A youth social worker is warning that Ireland is “reaping what we have sowed” when it comes to anti-social behaviour among young people.
A shocking attack on a Chinese woman on the Grand Canal in Dublin last week was the latest in a number of high-profile incidents involving young people this summer.
On The Pat Kenny Show this morning, Tiernan Williams from the Reach Out Project at the Kilbarrack Coast Community Programme said youth funding was never restored following cuts during the financial crash.
“In some regards because of COVID and I suppose the restrictions that are in place, it has become more obvious but it is essentially something that has happened over a number of years,” he said.
“Predominantly it is to do with cuts in expenditure for youth services. I think there has been a cut of a third in finances since 2008 and it hasn’t been restored.
“So, there are less intervention services available to youth so we are reaping what we have sowed really in some regards.”
Meanwhile, Dr Sean Redmond, Adjunct Professor in Youth Justice at the University of Limerick School of Law said there was a high level of compliance with COVID guidelines among young people at the start of the outbreak; however, that has begun to slip for people of all ages.
“When you look at general trends in youth crime, the official statistics appear to show that the numbers of young people involved have reduced but that there is a smaller number involved in a higher level of offences,” he said.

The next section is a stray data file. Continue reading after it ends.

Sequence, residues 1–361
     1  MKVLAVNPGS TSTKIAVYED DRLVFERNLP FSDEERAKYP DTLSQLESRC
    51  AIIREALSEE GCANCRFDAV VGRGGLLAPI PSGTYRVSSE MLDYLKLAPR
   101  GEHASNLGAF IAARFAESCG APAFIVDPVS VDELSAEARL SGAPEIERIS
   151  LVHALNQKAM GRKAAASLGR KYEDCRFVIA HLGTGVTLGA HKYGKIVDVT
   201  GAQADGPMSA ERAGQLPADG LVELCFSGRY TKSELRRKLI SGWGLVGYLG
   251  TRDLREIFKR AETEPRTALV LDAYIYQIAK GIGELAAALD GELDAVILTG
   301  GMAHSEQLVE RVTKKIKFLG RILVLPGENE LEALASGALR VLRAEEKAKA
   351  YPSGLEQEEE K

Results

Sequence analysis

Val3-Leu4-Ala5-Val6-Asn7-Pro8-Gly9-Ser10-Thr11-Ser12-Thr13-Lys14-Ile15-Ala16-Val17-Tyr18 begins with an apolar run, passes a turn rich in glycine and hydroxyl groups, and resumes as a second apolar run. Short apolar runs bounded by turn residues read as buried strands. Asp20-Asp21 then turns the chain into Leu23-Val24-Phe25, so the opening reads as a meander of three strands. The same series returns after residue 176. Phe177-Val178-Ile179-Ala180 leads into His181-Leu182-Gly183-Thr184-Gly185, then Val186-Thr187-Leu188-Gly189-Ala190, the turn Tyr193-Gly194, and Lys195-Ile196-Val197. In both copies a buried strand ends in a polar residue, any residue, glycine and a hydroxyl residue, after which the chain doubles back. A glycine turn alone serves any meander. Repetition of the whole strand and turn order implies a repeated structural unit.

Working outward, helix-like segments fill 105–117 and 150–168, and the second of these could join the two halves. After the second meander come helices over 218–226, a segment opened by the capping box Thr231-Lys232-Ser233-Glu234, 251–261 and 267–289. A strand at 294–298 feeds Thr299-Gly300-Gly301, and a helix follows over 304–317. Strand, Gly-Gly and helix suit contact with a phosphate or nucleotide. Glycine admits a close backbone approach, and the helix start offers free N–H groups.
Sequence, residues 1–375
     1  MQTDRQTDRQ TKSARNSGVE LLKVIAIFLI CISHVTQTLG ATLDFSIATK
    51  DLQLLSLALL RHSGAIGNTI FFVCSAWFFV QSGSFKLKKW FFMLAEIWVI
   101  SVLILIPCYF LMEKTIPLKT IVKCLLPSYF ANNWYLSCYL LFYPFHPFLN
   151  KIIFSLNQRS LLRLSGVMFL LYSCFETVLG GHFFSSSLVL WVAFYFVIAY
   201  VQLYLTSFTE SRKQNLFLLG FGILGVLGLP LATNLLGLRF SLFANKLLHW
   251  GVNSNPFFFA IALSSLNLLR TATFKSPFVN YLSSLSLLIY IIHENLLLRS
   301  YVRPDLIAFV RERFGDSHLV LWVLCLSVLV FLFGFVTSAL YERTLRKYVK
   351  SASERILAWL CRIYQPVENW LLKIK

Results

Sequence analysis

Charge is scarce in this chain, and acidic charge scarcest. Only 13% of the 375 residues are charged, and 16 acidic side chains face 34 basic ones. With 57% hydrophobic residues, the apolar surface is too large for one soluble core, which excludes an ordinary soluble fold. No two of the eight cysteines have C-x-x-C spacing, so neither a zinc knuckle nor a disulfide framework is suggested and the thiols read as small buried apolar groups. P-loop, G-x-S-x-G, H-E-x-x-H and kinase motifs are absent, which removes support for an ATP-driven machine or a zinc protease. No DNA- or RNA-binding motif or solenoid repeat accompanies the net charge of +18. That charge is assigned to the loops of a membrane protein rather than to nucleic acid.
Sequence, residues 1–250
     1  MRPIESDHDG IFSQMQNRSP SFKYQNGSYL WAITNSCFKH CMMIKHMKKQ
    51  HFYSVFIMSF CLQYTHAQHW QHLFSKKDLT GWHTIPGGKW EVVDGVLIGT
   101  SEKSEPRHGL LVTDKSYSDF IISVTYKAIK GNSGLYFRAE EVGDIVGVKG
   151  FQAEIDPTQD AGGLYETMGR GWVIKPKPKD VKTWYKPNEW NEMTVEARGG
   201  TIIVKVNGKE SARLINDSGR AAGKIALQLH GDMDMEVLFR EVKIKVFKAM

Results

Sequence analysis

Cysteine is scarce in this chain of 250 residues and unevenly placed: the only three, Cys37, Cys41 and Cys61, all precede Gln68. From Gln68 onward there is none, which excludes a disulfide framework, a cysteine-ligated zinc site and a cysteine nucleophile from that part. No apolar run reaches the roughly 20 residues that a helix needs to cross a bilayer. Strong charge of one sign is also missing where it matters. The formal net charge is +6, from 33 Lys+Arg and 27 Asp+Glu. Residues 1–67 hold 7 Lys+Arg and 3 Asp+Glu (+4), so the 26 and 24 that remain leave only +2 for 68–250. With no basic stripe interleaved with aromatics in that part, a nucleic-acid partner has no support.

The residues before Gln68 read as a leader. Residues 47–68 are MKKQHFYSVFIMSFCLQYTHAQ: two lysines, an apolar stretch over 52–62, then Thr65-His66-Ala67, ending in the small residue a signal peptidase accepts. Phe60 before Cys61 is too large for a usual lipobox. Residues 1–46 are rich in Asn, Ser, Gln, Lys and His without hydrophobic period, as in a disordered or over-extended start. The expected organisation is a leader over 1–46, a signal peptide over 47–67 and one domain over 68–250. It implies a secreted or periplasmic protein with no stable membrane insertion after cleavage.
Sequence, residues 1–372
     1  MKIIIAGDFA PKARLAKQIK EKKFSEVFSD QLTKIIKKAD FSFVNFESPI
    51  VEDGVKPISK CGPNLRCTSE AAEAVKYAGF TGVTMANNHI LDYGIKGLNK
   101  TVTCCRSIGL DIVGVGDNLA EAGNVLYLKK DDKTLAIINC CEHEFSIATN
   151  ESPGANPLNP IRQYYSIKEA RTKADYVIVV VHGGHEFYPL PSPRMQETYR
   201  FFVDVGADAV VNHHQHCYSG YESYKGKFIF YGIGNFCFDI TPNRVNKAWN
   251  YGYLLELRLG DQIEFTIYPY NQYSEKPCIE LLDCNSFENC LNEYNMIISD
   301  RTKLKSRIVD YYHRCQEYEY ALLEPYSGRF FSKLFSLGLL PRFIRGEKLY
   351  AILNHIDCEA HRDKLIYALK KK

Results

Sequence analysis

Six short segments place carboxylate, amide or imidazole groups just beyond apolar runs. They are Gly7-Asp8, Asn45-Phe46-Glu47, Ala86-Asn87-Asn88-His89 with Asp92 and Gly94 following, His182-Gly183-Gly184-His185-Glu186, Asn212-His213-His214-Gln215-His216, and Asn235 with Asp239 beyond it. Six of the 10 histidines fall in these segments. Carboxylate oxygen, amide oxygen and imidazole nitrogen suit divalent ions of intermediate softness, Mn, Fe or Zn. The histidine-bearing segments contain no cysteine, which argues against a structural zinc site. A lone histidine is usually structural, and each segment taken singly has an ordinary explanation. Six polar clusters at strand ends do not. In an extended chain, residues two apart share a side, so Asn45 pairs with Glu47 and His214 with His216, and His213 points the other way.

“The other thing we see during the summer months is an increase in youth crime in any event.
“Most of the things young people get involved with relate to alcohol and public order crime so the kind of things we are seeing are things we would tend to see when young people are out of school – but COVID obviously adds another dimension to that as well.”
He said youth projects around the country are working to find other ways for young people to spend their time while schools are shut.
“One of the things reported in a survey we did specifically related to COVD was saying that young people’s time cycles had flipped,” he said.
“There was a lot more nocturnal activity, lots more social media activity and a lot less connection with normal day to day activities.”
Mr Williams said young people from disadvantaged backgrounds are bombarded with designer goods on social media – with crime often the opportunity to fund the lifestyle they crave.
He said the Reach Out Project aims to offer them other ways to focus their energies.
“If you have no meaning or purpose in life, you better find a passion,” he said.
“So, what we do is we get people and we divert them away from criminality by finding what they are interested in.
“A lot of people are getting involved in screenwriting and film and going on the further education, university of whatever, with it. Other people might be getting involved in sport, recreation – a variety of different things.
“But our job is to find young people’s passion because without meaning and purpose, which is predominantly the problem in these areas, there is very little meaning in people’s lives and very little purpose in regard to the opportunities that are presented.”